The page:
Paediatric population:

An uncontrolled trial was undertaken in a heterogenous group of 28 girls aged 2 to 10 years with McCune Albright Syndrome (MAS), who received 20 mg once a day for up to 12 months duration. Among the patients who reported vaginal bleeding during the pre-study period, 62% (13 out of 21 patients) reported no bleeding for a 6-month period and 33% (7 out of 21 patients) reported no vaginal bleeding for the duration of the trial. Mean uterine volume increased after 6 months of treatment and doubled at the end of the one-year study. While this finding is in line with the pharmacodynamic properties of tamoxifen, a causal relationship has not been established (see section 4.4). There are no long-term safety data in children. In particular, the long-term effects of tamoxifen on growth, puberty and general development have not been studied.

CYP2D6 polymorphism:

CYP2D6 polymorphism status may be associated with variability in clinical response to tamoxifen. The poor metaboliser status may be associated with reduced response. The consequences of the findings for the treatment of CYP2D6 poor metabolisers have not been fully elucidated (see sections 4.4, 4.5 and 5.2).

CYP2D6 genotype:

Available clinical data suggest that patients, who are homozygote for non-functional CYP2D6 alleles, may experience reduced effect of tamoxifen in the treatment of breast cancer.

The available studies have mainly been performed in postmenopausal women (see sections 4.4 and 5.2).

5.2 Pharmacokinetic properties

Absorption:

After oral administration, tamoxifen is absorbed rapidly with maximum serum concentrations attained within 4 – 7 hours. Steady state concentrations (about 300 mg/ml) are achieved after four weeks treatment with 40 mg daily.

Distribution:

The drug is highly protein bound to serum albumin (> 99%).

Biotransformation:

Metabolism is by hydroxylation, demethylation and conjugation, giving rise to several metabolites, which have a similar pharmacological profile to the parent compound and thus contribute to the therapeutic effect. An elimination half-life of approximately seven days has been calculated for the drug itself, whereas that for N-desmethyltamoxifen, the principal circulating metabolite, is 14 days.

Elimination:

Excretion occurs primarily via the faeces.

Paediatric population:

In a clinical study where girls between 2 and 10 years with McCune Albright Syndrome (MAS) received 20 mg tamoxifen once a day for up to 12 months duration, there was an age-dependent decrease in clearance and an increase in exposure (AUC), (with values up to 50% higher in the youngest patients) compared with adults.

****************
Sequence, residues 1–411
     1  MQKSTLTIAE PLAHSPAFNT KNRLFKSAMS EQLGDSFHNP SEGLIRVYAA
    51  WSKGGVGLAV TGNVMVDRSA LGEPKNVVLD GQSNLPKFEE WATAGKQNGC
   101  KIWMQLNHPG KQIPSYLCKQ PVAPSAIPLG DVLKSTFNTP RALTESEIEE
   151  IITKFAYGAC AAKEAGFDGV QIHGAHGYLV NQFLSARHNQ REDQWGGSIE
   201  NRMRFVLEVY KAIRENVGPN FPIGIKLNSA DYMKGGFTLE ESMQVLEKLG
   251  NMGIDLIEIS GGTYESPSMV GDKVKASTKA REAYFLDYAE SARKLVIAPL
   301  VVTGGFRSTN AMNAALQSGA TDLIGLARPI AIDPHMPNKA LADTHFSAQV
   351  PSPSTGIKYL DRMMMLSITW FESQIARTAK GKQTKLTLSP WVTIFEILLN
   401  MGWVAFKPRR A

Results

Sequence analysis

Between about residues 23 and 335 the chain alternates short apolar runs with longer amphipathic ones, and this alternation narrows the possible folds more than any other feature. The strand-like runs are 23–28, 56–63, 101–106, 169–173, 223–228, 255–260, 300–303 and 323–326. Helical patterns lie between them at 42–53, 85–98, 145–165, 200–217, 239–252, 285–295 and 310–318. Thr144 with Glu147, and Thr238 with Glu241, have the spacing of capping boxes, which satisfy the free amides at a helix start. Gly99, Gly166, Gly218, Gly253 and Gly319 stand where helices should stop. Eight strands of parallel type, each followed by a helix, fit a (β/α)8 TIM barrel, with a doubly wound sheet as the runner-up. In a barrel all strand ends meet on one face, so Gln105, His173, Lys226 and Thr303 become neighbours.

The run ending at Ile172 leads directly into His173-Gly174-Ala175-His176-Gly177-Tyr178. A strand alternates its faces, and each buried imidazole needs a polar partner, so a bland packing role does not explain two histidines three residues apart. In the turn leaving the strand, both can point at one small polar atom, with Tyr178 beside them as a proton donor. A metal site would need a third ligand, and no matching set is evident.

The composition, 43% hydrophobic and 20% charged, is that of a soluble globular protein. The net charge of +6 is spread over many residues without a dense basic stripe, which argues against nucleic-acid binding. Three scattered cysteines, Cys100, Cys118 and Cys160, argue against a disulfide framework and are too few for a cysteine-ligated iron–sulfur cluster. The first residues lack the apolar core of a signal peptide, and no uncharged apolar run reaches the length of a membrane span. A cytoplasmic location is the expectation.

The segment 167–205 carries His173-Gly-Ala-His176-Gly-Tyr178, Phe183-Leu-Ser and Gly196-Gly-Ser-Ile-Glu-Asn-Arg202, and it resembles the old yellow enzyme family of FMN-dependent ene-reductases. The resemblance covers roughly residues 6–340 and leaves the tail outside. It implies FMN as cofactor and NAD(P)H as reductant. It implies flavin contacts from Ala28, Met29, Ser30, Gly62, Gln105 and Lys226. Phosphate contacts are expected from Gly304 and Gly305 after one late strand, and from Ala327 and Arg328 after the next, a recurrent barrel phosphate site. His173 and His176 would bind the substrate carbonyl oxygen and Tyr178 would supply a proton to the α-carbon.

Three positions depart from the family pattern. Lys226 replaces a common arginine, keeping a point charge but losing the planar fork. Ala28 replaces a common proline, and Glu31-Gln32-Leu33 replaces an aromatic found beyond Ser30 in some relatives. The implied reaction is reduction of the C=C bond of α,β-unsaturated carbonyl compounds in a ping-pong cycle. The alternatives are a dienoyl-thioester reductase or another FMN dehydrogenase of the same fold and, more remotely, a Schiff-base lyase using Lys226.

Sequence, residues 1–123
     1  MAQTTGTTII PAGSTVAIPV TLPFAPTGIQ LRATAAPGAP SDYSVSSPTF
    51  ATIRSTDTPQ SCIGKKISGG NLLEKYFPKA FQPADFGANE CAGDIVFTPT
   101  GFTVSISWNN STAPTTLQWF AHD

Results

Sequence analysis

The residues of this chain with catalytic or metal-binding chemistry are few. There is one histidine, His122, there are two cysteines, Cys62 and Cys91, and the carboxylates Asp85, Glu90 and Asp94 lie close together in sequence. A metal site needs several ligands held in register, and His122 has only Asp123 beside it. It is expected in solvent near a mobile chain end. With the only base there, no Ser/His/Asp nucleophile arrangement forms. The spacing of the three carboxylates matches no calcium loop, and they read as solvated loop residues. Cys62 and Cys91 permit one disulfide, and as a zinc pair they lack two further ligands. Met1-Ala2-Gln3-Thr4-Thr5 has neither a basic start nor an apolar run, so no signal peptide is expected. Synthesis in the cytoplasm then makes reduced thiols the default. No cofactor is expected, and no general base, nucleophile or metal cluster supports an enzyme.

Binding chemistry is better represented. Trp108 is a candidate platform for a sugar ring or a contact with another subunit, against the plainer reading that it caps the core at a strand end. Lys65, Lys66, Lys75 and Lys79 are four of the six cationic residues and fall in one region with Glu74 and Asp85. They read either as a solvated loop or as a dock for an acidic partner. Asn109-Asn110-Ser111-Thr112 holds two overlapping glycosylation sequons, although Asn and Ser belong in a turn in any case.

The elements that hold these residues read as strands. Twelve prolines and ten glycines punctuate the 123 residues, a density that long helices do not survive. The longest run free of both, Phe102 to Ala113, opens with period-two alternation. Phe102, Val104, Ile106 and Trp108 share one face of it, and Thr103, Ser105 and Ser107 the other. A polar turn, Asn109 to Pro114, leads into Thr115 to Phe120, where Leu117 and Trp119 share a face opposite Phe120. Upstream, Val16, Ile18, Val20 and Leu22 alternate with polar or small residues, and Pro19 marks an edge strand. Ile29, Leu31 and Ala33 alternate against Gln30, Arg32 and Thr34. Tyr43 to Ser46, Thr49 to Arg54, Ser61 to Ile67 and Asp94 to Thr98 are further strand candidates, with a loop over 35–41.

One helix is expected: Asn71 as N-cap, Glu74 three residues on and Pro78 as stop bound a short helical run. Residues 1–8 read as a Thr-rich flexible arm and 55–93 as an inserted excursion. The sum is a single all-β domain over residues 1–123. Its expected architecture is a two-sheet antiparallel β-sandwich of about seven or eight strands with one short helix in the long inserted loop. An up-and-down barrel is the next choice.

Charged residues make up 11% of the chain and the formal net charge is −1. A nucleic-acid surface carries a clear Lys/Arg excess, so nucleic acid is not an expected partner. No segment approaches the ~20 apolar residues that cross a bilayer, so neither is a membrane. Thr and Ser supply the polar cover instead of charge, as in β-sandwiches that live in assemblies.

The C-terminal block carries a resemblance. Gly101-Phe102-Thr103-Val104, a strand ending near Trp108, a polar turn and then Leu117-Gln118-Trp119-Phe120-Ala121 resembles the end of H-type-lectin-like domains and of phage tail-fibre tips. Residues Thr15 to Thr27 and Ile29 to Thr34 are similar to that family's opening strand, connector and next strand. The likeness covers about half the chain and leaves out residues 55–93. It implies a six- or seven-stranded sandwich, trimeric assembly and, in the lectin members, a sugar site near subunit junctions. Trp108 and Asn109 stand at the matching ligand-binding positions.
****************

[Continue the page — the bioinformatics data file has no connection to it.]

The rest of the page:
CYP2D6 polymorphism:

Tamoxifen is metabolised mainly via CYP3A4 to N-desmethyl-tamoxifen, which is further metabolised by CYP2D6 to another active metabolite endoxifen. In patients who lack the enzyme CYP2D6 endoxifen concentrations are approximately 75% lower than in patients with normal CYP2D6 activity. Administration of strong CYP2D6 inhibitors reduces endoxifen circulating levels to a similar extent.

5.3 Preclinical safety data

Tamoxifen was not mutagenic in a range of in-vitro and in-vivo mutagenicity tests. Tamoxifen was genotoxic in some in-vitro and in-vivo genotoxicity tests in rodents. Gonadal tumours in mice and liver tumours in rats receiving tamoxifen have been reported in long-term studies. The clinical relevance of these findings has not been established.

Tamoxifen is a drug on which extensive clinical experience has been obtained. Relevant information for the prescriber is provided elsewhere in the Summary of Product Characteristics.

6.PHARMACEUTICAL PARTICULARS

6.1 List of excipients
Calcium hydrogen phosphate
Microcrystalline cellulose
Sodium starch glycollate (Type A)

Povidone K25
Magnesium stearate
Colloidal anhydrous silica

6.2 Incompatibilities

Not applicable.

6.3 Shelf life

48 months.

6.4 Special precautions for storage

Do not store above 25?C.

Store in original container.

6.5 Nature and contents of container

The tablets are packed in blisters constituted from a PVC and aluminium foil.

6.6 Special precautions for disposal and other handling

None

7. Manufactured in India By:
TAJ PHARMACEUTICALS LIMITED
Mumbai, India
Survey No.188/1 to 189/1,190/1 to 4,
Athiyawad, Dabhel,
Daman- 396210 (INDIA)

Tamoxifen Citrate Film Coated Tablets IP 20mg Taj Pharma
Package leaflet: Information for the patient

Tamoxifen

Read all of this leaflet carefully before you start taking this medicine because it contains important information for you.

  • Keep this leaflet. You may need to read it again.
  • If you have any further questions, ask your doctor or pharmacist.
  • This medicine has been prescribed for you only. Do not pass it on to others. It may harm them, even if their signs of illness are the same as yours.
  • If you get any side effects, talk to your doctor or pharmacist. This includes any possible side effects not listed in this leaflet. See section 4.

What is in this leaflet:

  1. What Tamoxifen is and what it is used for